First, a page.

Sunday, March 11, 2012
Public safety at issue in budget standoff
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The top priority of Virginia's government is to ensure the safety of our citizens and those who visit the commonwealth. It is not a Republican or Democrat issue — it is a Virginia issue. The budget is the key responsibility of the legislature. It is about funding priorities for Virginia. It is about state police, National Guard, emergency management and our forensic labs. It is about funding sheriffs' departments, commonwealth's attorneys, local law enforcement and courts. It is about funding the core functions of government.
Healthy debate over budget priorities is important to the legislative process and the development of a final budget. Unfortunately, the General Assembly is not at that point. This impasse puts our state's highest priority of protecting the commonwealth's citizens in jeopardy.
Law enforcement and the commonwealth's public safety agencies rely on the biennial budget to continue to fund and provide services. The Virginia Association of Chiefs of Police, the Virginia Sheriffs' Association, the Commonwealth's Attorneys Association and the Virginia State Police Association have already written to senators urging them to reach a solution. These groups have warned of the consequences to public safety should the Senate continue to delay.
Any delay in passing the budget places additional burdens on the more than 18,500 local public safety employees across Virginia who depend fully or in part on state funds. From sheriff's deputies to police officers to local prosecutors, the state budget significantly funds these critical services.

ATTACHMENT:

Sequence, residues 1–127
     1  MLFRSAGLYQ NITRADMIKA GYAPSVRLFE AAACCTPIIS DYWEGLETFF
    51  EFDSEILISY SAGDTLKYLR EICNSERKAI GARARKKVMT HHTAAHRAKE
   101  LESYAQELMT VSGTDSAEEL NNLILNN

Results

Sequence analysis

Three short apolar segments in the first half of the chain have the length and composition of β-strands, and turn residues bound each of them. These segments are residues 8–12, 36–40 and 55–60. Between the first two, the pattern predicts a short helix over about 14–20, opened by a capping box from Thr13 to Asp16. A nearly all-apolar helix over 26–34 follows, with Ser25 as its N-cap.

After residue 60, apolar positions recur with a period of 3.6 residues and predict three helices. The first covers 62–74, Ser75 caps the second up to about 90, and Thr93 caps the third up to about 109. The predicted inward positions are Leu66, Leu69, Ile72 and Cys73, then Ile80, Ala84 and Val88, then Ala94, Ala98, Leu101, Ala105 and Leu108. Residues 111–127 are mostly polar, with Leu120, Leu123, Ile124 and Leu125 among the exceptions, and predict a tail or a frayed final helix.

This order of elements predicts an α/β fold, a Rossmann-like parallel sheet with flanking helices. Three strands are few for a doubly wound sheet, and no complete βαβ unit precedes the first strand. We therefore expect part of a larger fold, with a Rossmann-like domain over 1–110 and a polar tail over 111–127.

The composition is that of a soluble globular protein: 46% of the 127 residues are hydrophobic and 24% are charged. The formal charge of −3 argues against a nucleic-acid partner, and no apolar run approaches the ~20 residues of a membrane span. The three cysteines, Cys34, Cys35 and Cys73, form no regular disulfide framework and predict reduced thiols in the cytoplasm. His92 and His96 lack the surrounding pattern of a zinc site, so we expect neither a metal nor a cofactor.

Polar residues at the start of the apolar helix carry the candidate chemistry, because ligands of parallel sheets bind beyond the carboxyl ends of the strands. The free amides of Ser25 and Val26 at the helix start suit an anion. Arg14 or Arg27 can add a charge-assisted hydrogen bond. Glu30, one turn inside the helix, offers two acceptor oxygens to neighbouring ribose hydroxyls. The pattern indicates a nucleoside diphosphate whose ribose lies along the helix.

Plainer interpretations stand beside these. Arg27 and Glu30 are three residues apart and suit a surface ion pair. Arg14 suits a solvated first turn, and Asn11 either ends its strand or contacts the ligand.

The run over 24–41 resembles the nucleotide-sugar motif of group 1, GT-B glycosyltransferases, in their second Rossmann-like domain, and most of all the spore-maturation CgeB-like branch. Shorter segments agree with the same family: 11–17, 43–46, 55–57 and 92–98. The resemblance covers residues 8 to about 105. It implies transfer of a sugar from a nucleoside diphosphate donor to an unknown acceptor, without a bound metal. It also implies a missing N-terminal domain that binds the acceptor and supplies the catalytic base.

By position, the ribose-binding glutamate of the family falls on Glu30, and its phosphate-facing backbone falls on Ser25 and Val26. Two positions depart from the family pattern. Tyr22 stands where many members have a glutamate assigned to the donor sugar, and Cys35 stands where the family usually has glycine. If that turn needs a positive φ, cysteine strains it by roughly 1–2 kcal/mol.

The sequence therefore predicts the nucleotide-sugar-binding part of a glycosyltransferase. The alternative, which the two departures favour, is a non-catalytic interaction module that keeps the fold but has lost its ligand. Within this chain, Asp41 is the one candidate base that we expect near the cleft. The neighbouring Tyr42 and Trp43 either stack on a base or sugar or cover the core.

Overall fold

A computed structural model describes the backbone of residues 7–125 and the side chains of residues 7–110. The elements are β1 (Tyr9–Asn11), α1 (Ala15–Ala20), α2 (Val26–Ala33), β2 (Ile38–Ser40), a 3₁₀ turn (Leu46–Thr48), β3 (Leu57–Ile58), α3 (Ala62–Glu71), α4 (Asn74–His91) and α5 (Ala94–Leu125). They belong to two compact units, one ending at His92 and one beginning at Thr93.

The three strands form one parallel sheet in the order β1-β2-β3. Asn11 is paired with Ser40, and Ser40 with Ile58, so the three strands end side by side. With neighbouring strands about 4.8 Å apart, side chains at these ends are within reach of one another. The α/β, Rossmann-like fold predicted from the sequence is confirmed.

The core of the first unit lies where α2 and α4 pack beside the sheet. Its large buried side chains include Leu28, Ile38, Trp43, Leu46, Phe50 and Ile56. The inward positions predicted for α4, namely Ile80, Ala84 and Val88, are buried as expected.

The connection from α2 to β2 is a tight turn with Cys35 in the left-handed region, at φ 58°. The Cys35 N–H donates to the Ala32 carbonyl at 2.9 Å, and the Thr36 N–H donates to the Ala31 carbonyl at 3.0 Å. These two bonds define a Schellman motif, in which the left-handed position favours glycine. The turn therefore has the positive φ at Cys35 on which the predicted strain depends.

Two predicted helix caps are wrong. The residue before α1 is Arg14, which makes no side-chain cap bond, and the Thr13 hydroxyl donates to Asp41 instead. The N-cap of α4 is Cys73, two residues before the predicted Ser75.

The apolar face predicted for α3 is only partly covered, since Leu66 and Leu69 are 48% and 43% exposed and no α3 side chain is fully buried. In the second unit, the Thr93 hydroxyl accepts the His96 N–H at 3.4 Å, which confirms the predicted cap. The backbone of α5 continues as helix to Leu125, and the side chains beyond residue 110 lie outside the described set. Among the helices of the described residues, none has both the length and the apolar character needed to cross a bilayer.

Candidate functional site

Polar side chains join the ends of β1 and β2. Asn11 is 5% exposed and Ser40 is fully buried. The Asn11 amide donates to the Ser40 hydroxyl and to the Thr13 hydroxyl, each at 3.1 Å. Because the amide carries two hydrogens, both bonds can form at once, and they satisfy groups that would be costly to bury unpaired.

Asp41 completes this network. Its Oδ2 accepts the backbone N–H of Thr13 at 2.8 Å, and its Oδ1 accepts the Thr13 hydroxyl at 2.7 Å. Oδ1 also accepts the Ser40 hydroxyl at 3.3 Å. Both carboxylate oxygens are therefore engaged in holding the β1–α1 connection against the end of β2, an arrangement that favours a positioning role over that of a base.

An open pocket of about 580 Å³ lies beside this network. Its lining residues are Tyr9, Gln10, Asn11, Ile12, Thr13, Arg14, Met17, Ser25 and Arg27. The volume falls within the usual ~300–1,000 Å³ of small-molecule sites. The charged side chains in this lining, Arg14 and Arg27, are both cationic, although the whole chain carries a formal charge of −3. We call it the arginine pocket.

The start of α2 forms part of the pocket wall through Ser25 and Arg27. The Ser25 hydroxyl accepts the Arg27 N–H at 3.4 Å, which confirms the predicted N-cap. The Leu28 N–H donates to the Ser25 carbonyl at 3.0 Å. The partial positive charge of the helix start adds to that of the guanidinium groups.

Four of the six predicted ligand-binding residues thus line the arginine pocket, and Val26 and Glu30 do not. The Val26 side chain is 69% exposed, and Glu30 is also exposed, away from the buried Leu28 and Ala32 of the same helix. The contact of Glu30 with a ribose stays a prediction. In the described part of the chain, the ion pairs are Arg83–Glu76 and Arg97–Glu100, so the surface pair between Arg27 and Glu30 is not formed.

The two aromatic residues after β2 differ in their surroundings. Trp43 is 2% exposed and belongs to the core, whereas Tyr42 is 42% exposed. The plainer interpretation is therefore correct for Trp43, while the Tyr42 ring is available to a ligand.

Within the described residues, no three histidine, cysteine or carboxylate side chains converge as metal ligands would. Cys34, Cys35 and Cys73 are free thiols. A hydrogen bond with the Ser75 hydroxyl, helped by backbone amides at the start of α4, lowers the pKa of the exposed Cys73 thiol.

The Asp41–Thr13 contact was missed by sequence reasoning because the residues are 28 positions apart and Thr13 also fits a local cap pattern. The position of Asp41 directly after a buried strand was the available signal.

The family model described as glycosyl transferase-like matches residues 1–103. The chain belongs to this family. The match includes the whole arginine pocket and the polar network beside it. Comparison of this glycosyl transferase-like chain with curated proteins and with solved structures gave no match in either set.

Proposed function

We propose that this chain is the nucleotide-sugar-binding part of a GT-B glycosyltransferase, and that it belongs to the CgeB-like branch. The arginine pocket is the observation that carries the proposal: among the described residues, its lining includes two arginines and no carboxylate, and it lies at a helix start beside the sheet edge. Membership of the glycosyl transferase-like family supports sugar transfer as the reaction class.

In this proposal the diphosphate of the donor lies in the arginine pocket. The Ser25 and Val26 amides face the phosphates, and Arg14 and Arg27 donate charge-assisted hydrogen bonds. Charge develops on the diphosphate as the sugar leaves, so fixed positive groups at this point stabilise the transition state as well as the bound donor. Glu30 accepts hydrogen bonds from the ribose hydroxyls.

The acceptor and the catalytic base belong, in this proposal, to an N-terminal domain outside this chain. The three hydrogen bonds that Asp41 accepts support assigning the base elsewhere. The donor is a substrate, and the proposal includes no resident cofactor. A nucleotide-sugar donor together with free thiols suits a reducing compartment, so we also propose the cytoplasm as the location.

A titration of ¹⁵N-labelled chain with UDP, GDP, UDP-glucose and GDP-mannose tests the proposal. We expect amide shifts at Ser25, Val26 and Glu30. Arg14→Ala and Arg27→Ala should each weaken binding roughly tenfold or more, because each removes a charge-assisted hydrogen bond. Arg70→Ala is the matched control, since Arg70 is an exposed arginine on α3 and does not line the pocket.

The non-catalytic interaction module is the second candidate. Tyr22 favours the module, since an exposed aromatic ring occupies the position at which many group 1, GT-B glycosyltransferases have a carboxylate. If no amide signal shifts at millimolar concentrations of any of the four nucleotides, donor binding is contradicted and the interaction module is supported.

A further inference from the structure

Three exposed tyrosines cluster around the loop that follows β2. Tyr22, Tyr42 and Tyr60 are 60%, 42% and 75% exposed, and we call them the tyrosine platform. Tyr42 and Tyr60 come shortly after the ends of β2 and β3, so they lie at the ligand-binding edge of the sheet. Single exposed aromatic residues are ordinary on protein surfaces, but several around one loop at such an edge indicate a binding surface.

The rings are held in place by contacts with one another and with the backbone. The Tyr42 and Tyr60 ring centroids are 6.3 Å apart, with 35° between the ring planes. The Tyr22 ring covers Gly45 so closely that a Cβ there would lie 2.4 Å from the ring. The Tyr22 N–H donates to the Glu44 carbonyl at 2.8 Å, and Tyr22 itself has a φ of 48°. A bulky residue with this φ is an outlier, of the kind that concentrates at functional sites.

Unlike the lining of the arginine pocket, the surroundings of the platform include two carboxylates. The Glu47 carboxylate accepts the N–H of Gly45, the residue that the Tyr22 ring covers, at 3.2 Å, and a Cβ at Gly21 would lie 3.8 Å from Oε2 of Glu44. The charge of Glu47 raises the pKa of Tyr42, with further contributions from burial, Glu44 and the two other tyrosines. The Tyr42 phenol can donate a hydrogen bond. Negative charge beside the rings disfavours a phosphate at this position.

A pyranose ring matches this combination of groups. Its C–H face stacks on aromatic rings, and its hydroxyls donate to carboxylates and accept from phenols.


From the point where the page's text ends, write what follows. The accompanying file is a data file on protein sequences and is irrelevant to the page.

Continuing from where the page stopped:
Local public safety professionals should not have to wonder what the future holds after June. It is difficult enough to retain our quality, dedicated public safety professionals. Budget uncertainty is a distraction that will cause recruitment and retention challenges.
Without approval of the caboose budget, payments to localities for the fourth quarter of fiscal year 2012 will be cut by one-third. For every month delay, localities will have a gap of about one-twelfth of these funds prorated. So, if total sheriff's departments and staff of regional jails funding is $417.1 million for fiscal year 2013, then that would roughly equal a $34.7 million gap for every month of delay.
Virginia's Constitution does not allow for the budget gimmicks or stopgap measures that have been a hallmark of the federal process in Washington, D.C. The consequences for delay in Virginia are very real and loom over all of us until a budget is passed.
Virginia has a long-standing reputation as a well-managed state. Last year's budget passed unanimously in both houses after only one day of delay. The men and women who are elected to serve in our House and Senate are citizen legislators who engage in spirited debates on behalf of their constituents and, at the end of the day, have come together to craft budgets that reflect our shared priorities.
We, like many of our colleagues, have traveled to Richmond over the years to provide input on criminal legislation, public safety issues and budgets. This year was no different. In good faith, we worked with all legislators to ensure the best for all Virginians. Despite policy disagreements, bills were negotiated and either passed or failed. The budget, Virginia's most important piece of legislation, has not been afforded the same discourse/discussion/forum, and much is at stake. For the sake of the safety of our citizens, we urge our senators to pass a budget.
Branscom is writing on behalf of Ronnie Sprinkle, sheriff of Botetourt County, Thomas Bowers, commonwealth's attorney for Salem and Randy Krantz, commonwealth's attorney for Bedford County.